When it comes to striking, you really should watch Lyoto Machida versus Rashad Evans at UFC 98 to witness this style at its best. Machida’s precision and combinations reached a level of achievement that appeared so perfect as to be closer to something you would see in a video game, not in real life. Striking combines two goals during a fight: to wear your opponent down and to knock them out. The good news is that striking is fairly easy to integrate into your current technique because the stance and posture required are the ones that you come out of your corner with: head low, hands up, and feet shoulder width apart. The variety of jabs available to the striker, from the cross to the always dramatic uppercut, give you a wide range of choices to keep your opponent guessing and help you surprise him when he isn’t looking with a carefully placed fake. Striking is a must for all serious MMA fighters, and something we teach heavily in our Mixed Martial Arts San Diego classes.

Jiu Jitsu

Since the first Gracie stepped into the ring and whipped out their
unparalleled jiu jitsu technique, this fighting style has been a staple of all successful mixed martial artist’s playbook. Focusing on grappling and ground fighting, jiu jitsu techniques provide fail-proof ways to dominate and submit your opponent. From a variety of full control mounts to chokeholds, the skilled jiu jitsu fighter has a dangerous skill set at his disposal to claim victory over the largest and most intimidating opponent.

Wrestling

Just about every big name in MMA has a solid wrestling background. Why? Because the unique combination of throws, takedowns, mounts, pins, and clinches makes it a veritable Cliff’s Notes on how to earn a victory, by skill or by brute force. Randy Couture, Chuck Liddell, Dan Henderson, Rashad Evans, and Brandon Vera use wrestling as a cornerstone of their ground game, just to name a few. And of course, the man who built his MMA career on his wrestling skills, Matt Hughes, provides great examples of how integral wrestling is to a successful game strategy.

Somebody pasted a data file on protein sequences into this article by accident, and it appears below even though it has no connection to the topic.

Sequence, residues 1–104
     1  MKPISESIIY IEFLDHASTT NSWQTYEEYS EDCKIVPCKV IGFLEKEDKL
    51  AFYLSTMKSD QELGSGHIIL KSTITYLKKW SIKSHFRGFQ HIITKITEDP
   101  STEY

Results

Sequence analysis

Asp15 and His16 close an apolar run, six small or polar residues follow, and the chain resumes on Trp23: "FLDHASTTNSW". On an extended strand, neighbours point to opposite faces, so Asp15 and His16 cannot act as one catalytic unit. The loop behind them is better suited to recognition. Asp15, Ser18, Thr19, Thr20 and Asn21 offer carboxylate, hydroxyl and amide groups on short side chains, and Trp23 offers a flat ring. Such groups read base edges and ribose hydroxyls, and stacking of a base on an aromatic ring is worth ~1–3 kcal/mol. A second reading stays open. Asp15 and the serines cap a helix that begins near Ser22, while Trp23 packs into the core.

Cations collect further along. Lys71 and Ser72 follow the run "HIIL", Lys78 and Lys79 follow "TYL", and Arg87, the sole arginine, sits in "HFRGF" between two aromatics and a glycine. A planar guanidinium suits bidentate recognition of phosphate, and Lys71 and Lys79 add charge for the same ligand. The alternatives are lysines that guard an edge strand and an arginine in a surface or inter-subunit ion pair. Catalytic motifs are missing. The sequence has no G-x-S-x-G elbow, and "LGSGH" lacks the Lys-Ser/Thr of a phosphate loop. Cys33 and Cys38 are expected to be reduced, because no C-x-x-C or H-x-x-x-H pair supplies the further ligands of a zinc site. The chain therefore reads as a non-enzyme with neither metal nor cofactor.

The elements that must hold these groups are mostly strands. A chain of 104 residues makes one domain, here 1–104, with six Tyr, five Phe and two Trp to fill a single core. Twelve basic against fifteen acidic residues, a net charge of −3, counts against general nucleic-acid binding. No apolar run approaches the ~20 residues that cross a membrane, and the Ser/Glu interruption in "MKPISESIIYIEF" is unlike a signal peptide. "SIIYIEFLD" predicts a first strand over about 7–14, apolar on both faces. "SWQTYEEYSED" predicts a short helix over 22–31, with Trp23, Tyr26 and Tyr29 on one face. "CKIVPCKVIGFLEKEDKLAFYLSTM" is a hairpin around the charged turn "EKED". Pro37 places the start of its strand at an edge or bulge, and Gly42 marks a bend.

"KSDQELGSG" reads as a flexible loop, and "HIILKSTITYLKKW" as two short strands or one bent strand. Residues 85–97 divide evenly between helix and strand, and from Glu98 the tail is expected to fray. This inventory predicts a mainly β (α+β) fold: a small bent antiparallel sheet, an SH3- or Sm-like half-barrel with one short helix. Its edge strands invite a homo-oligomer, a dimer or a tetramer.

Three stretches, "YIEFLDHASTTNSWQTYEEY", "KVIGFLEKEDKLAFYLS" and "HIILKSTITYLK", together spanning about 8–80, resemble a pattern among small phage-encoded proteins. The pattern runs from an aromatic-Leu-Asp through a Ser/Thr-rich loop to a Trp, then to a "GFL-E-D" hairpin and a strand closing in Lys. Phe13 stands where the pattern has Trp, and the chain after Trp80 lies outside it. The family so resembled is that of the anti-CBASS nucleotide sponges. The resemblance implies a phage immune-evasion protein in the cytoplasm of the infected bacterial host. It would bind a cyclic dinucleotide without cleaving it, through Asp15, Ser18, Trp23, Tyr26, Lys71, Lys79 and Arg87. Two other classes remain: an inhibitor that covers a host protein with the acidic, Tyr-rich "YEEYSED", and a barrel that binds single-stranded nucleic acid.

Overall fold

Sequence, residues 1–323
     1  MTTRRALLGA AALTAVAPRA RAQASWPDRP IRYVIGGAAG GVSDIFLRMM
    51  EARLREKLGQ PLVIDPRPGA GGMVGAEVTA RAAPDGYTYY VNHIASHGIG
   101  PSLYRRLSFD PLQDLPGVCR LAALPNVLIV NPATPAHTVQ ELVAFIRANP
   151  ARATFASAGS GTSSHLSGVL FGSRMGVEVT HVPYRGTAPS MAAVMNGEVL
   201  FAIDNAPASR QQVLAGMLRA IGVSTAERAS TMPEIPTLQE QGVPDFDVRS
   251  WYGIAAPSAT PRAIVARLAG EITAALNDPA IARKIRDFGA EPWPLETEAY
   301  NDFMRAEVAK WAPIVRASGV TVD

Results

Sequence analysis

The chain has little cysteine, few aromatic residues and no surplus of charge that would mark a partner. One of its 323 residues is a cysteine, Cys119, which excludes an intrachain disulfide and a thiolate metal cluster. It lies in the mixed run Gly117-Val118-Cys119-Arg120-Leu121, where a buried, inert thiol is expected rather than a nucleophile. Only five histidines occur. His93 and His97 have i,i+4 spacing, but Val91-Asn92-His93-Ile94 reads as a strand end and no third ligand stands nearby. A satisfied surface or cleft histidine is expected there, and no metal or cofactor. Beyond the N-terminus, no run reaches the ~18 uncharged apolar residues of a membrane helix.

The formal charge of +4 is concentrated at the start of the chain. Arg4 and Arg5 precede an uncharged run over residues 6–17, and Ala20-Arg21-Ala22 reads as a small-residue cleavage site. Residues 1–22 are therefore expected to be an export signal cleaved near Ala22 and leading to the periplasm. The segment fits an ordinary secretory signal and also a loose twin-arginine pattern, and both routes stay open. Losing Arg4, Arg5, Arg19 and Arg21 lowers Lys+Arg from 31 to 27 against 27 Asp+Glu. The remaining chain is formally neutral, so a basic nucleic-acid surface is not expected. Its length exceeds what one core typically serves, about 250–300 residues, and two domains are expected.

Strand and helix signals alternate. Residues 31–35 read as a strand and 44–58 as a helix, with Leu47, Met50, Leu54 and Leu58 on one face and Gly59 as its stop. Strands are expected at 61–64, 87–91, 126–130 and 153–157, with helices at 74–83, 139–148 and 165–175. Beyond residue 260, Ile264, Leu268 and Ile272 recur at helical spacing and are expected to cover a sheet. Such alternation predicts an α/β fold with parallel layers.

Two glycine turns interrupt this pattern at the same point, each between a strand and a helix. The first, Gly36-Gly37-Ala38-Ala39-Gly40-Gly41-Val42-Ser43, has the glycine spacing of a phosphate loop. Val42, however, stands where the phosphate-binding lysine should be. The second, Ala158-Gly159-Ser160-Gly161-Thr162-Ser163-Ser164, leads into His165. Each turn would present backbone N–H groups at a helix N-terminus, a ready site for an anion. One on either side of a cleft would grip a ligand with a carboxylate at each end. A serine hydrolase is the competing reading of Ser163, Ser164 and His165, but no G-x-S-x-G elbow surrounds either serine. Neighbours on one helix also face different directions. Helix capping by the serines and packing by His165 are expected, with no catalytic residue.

Yet while all of these styles individually have their strengths and benefits to a fighter’s game, overall success and victory only comes from integrating all three together to create a strategy that is multifaceted and technically strong. Truly great mixed martial artists, like Anderson Silva, prove time and time that the only way to ensure a fool-proof victory strategy and a reputation as a feared opponent is to be well rounded in all of these incredible fighting styles. Identify which you need to polish, and then use it to up your game and take it to the next level.

About The Arena

The Arena is the leading Gym in North America for Combat Sports and Martial Arts instruction, offering one of the largest programs of its kind in the world. With over 150 weekly classes in 10 disciplines and specialized training for Amateur and Professional fighters, our programs are run by some of the top coaches on the planet in one of the best sports facilities in the USA.